Type 1 Diabetes: Understanding your diabetes
Understanding your diabetes
Understanding your diabetes is the first step towards managing it, feeling better and living a longer, healthier life. It is a manageable disease especially when you have the right tools, information and support.
What is type 1 diabetes?
Type 1 is when the body attacks and destroys (autoimmune) the cells (beta cells) that make insulin in the pancreas so that it makes little or no insulin. Our body needs insulin to use sugar (glucose) found in many foods for energy.
Approximately 10% of people with diabetes have type 1 and it is most often seen in children and young adults but may also occur later in life. The cause of type 1 is still unknown.
It can be well managed by healthy eating, exercise, blood glucose testing and daily insulin injections. Insulin was discovered in Canada in 1922-1923 by Frederick Banting and Charles Best.
- It accounts for about 10 per cent of diabetes worldwide.
- Usually diagnosed before the age of 30 but can occur at any age
- Most people with type 1 are lean when diagnosed
- 85-90 per cent will have no family history
- It is not known what causes type 1 but theories are: autoimmune disease, viral infection, genetic predisposition and environmental factors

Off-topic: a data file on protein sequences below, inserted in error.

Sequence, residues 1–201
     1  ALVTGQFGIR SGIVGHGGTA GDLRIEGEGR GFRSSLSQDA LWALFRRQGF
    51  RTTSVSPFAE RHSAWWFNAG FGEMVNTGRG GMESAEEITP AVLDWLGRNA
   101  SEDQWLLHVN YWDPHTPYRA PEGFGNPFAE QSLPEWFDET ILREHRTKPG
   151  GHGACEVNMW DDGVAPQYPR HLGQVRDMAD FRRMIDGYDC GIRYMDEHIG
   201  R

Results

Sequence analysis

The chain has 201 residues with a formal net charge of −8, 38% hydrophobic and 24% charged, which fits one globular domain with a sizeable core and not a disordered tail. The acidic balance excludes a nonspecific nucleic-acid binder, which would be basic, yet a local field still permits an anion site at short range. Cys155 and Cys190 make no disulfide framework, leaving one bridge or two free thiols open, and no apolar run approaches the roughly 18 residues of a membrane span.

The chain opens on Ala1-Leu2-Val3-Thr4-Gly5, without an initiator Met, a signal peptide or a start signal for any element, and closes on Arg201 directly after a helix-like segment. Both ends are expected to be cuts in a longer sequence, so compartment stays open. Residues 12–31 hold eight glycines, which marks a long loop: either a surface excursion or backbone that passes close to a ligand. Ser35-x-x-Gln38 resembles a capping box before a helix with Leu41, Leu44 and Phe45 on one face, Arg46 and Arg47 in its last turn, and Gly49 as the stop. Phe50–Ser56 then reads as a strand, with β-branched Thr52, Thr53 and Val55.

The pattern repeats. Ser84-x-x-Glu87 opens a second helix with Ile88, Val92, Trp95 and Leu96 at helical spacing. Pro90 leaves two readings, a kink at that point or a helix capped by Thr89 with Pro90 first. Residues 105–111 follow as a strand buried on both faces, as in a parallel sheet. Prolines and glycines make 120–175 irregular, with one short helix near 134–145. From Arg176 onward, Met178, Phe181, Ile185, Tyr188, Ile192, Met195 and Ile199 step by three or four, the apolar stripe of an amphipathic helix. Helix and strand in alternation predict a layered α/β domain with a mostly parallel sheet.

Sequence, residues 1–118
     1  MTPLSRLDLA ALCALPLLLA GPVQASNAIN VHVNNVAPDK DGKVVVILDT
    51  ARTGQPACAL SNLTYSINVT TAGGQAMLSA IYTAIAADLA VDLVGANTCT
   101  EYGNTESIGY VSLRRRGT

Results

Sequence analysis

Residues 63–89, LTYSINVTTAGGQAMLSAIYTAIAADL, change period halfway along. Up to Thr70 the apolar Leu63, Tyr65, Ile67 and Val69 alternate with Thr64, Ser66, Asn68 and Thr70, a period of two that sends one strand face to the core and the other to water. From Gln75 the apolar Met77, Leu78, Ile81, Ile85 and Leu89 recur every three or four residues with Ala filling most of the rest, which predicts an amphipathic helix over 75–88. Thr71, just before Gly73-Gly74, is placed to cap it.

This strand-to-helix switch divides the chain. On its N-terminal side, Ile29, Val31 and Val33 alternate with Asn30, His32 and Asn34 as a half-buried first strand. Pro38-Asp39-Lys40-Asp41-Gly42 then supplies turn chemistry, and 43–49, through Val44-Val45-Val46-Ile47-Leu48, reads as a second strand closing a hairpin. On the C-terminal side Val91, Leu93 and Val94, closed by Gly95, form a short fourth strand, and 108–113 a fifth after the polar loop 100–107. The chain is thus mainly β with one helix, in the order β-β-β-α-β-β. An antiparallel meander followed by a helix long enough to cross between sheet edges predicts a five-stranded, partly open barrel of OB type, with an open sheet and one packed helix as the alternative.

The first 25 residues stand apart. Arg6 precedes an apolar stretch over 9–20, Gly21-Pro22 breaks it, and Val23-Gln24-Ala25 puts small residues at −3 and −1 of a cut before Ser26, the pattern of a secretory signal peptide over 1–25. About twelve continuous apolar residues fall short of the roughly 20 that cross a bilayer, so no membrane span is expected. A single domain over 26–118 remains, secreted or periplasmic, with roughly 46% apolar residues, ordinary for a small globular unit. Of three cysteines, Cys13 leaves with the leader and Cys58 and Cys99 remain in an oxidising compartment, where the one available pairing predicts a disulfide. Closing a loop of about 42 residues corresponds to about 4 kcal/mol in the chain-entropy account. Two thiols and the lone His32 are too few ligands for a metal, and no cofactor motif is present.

- Researchers are seeking ways to identify high risk individuals and protect them
Although some people have no symptoms, most people diagnosed with type 1 diabetes have the following signs and symptoms of hyperglycemia (high blood sugar):
- Blurred vision
- Decreased mental sharpness
- Extreme thirst and hunger
- Feeling tired (fatigue)
- Frequent need to urinate
- Frequent skin infections
- Weight loss despite having an increased appetite
- Slow-healing wounds
In some cases, severe symptoms of very high blood sugar may develop. They include:
- Fast breathing
- Fruity-smelling breath (a sign of diabetic ketoacidosis)
- Loss of coordination
- Pain in the abdomen
- Slurred speech
- Fast heartbeat
It's absolutely critical to get immediate medical attention if any of the above severe symptoms develop. Make sure you get to a hospital right away.